Saw the Rheumy today. Confirmed that I now also have arthritis in my feet as well as neuromas. He says it is just bad luck that it has now affected both knees and both feet. I’m 41. I said I was worried about other joints and he said the good thing about OA (he is still convinced that is ‘all’ it is) is that it comes on very slowly. Well NOT IN MY EXPERIENCE. My feet were fine and then within a matter of months I can barely walk on them. He isn’t even considering PsA because my psoriasis isn’t very bad (and he’s right) and my bloods are all fine. I’m so frustrated because I am SO sure there is something else causing this and I need it to be slowed down before every other part of me starts crumbling. And I’m so tired of being in pain and living on cocodamol. I’ve looked up the best rheumy in the UK and will try to go there for a second opinion but really needed to rant here because at least you guys will understand what it’s like. I wish I could find a rheumy that actually has arthritis so they have some clue what is going on. Grrrrrrr.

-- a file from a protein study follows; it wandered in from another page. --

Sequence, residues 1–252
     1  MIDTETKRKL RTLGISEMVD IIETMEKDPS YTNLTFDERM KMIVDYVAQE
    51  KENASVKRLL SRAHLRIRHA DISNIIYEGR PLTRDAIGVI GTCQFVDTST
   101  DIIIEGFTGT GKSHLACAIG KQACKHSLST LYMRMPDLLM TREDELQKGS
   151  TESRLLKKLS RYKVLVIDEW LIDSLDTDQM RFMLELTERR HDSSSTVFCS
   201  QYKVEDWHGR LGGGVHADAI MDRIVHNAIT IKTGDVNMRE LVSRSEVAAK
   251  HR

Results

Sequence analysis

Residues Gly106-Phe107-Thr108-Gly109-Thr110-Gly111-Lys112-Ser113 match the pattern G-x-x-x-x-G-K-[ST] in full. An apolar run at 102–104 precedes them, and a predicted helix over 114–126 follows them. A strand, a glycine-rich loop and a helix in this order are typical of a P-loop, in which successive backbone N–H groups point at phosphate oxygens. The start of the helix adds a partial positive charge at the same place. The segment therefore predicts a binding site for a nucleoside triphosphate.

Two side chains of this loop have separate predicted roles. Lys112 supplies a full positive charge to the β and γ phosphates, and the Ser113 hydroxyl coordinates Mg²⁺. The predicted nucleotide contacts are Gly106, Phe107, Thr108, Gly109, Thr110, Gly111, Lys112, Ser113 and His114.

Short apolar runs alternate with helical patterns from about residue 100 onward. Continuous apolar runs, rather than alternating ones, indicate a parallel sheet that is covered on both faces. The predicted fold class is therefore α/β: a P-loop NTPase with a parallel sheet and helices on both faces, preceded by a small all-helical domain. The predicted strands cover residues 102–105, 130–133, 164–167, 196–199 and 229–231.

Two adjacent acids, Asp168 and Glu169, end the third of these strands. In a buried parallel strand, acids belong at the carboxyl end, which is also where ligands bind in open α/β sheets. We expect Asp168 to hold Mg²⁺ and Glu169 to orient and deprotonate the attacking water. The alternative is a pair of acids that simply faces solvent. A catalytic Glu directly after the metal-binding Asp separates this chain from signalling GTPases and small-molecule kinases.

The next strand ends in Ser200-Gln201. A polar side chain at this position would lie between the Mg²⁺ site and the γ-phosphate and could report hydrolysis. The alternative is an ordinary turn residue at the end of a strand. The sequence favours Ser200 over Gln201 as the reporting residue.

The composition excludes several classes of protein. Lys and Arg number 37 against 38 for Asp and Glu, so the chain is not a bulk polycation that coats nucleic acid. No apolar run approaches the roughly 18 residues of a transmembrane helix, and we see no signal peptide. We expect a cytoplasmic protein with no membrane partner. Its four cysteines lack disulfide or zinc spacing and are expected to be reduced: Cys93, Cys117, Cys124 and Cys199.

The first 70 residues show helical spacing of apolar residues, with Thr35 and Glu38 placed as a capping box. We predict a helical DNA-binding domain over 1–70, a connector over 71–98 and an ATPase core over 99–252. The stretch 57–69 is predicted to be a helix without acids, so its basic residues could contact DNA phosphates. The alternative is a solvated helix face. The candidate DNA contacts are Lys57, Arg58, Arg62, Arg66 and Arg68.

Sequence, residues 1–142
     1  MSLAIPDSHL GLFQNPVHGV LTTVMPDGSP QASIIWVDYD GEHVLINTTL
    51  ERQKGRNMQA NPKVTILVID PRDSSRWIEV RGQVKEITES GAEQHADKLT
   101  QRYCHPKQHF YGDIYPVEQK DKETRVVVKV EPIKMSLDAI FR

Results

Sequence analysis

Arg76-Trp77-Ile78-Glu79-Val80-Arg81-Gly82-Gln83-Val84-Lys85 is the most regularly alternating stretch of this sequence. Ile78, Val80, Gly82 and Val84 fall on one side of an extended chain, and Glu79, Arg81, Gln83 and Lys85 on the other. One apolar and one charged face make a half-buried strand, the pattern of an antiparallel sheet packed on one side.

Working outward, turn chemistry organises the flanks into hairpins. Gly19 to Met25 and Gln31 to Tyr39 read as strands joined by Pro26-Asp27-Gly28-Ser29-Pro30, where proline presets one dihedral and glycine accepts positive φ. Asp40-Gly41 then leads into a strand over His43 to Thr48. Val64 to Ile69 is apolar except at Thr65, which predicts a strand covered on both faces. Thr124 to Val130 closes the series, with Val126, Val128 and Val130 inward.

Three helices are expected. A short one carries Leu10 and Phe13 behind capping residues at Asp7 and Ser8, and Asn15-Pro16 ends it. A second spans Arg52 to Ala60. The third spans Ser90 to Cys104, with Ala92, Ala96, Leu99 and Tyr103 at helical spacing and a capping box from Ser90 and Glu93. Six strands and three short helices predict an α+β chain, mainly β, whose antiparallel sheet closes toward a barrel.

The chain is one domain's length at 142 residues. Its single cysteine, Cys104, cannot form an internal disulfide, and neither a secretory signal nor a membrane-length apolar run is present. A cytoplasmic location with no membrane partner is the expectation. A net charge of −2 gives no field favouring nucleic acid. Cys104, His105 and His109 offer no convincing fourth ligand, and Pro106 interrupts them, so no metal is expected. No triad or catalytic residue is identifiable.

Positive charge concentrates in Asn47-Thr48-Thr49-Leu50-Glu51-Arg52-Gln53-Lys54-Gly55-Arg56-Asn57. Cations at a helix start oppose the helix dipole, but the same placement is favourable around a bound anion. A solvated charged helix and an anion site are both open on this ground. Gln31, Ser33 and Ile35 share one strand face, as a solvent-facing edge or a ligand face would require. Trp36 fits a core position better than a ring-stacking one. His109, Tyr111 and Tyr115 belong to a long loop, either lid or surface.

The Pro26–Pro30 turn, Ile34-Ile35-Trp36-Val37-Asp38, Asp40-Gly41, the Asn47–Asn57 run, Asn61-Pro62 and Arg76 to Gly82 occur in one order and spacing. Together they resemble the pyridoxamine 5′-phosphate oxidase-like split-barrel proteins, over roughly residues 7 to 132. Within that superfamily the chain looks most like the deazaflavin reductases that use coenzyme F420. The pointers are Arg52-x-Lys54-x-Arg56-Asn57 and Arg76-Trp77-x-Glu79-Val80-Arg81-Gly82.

I don’t blame you for the rant! Anyone would be upset! Wow, so you don’t have PsA because your psoriasis is mild and you don’t have the positive blood markers? Really? When/where did this guy get his medical degree?
You’re doing the right thing getting that second opinion! In my opinion —at least from my own personal experience because I have OA and PsA—PsA symptoms are way different than OA. I think you know it when PsA takes over. It’s really difficult to describe exactly how it feels—symptoms can come and go, especially in the beginning. They can be vague and a general feeling of being unwell or acute and severe and a feeling of hopelessness for ever feeling better! I think most of us have experienced all of the above.